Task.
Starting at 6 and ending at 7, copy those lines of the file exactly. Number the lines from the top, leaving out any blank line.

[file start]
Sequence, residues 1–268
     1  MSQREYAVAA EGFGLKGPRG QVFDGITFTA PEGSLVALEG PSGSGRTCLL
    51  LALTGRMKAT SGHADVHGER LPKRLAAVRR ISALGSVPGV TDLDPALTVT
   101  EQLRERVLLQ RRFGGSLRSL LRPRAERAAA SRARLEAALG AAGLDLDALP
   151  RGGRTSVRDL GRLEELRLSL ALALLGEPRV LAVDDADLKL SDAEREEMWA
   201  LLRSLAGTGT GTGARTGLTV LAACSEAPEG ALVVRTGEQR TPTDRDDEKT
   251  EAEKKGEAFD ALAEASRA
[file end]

   201  LLRSLAGTGT GTGARTGLTV LAACSEAPEG ALVVRTGEQR TPTDRDDEKT
   251  EAEKKGEAFD ALAEASRA